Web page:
South Holland rail freight hub on the cards as part of new transport strategy
Plans for a rail freight hub are now back on the cards as part of a strategy to address major transport issues in our area.
The news comes with transport firmly under the spotlight - with strikes inadvertently relieving traffic congestion around Spalding’s level crossings this week, the issue with barriers cutting the town in two getting national attention plus crunch talks due on the future of bus routes and more closures for key roads.
More than a decade ago, plans were floated for a new facility that would allow goods from food manufacturing firms to be loaded onto trains instead of needing long HGV journeys.
The Spalding Guardian understands that the idea is being looked at again, but is at an early stage - with no details yet decided on a possible location for a major new bit of infrastructure.
Coun Nick Worth, South Holland District Council porfolio holder for commercialisation and growth, said: “As part of the emerging transport strategy, rail freight and any sort of rail freight hub to take the pressure off the road network would be something we are obviously keen to do.
“We want to improve the A16 and A17 - ideally by getting them dualled but that’s a long hope.
“As part of that strategy if you could encourage a rail freight hub somewhere in the council partnership area that would be good.”
Coun Roger Gambba-Jones said the revived idea was wrapped up in a wider push for rail freight and that we were part of the conservation given the sheer number of HGV journeys.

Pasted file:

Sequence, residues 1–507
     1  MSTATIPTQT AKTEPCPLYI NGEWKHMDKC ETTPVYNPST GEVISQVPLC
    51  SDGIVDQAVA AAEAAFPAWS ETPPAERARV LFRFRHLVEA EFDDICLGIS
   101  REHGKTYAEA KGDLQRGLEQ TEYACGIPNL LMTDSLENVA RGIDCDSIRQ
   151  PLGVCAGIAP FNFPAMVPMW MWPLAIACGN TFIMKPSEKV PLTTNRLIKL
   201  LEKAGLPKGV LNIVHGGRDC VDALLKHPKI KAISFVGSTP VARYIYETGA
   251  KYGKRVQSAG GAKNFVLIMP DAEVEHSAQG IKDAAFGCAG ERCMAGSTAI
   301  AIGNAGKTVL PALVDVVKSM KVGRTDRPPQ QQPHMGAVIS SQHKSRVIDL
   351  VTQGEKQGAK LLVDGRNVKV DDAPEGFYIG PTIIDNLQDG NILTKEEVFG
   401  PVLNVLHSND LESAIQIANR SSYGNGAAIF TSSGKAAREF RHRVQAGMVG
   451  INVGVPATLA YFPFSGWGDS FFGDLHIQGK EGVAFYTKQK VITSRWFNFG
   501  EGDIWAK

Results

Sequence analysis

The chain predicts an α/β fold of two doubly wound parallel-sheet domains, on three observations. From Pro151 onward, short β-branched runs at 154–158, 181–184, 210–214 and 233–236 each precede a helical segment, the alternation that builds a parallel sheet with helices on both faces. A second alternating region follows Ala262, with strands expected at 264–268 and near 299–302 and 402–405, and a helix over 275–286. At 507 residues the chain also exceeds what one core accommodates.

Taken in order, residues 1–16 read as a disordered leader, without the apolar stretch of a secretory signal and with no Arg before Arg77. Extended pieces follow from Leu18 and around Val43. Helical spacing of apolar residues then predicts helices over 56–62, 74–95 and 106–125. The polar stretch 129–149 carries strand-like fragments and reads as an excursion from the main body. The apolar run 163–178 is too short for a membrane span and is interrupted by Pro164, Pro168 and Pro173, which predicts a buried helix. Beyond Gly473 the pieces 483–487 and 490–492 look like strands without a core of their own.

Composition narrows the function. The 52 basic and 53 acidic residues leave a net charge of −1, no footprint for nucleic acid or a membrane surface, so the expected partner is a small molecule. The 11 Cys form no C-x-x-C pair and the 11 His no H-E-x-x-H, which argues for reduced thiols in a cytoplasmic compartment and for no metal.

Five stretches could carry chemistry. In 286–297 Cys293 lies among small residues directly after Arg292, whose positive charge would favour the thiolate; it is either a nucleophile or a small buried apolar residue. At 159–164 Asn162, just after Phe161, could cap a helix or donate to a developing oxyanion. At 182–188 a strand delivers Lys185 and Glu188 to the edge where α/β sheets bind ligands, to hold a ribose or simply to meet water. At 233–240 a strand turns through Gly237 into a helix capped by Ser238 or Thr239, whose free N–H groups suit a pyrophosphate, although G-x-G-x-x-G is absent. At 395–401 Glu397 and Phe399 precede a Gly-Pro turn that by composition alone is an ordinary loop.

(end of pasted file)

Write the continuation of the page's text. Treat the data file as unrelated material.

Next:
Of the idea, he said: “Bring it on - we are open to it.
“We were serious about it then and we are serious about it now.”
The separate issue of the existing freight trains passing through Spalding - and causing congestion - was temporarily relieved this week as a knock-on effect of rail strikes.
Network Rail said Lincoln Signalling Centre is closed on strike days - which include today and Saturday - meaning freight traffic will have to use the East Coast Main Line and not the Spalding route.
On Tuesday, the first strike day, traffic in and around Winsover Road was not as heavy as usual.
Coun Gambba-Jones said: “In the short term it’s a blessing, but what we really need is a long term solution to the issue.
“There are pluses and minuses because it cuts us off from the rest of the world when we are actually pushing for more trains.”
He added: “In essence, it’s nice to have a bit of relief but ultimately it just means more vehicles on the roads that have already been punished.”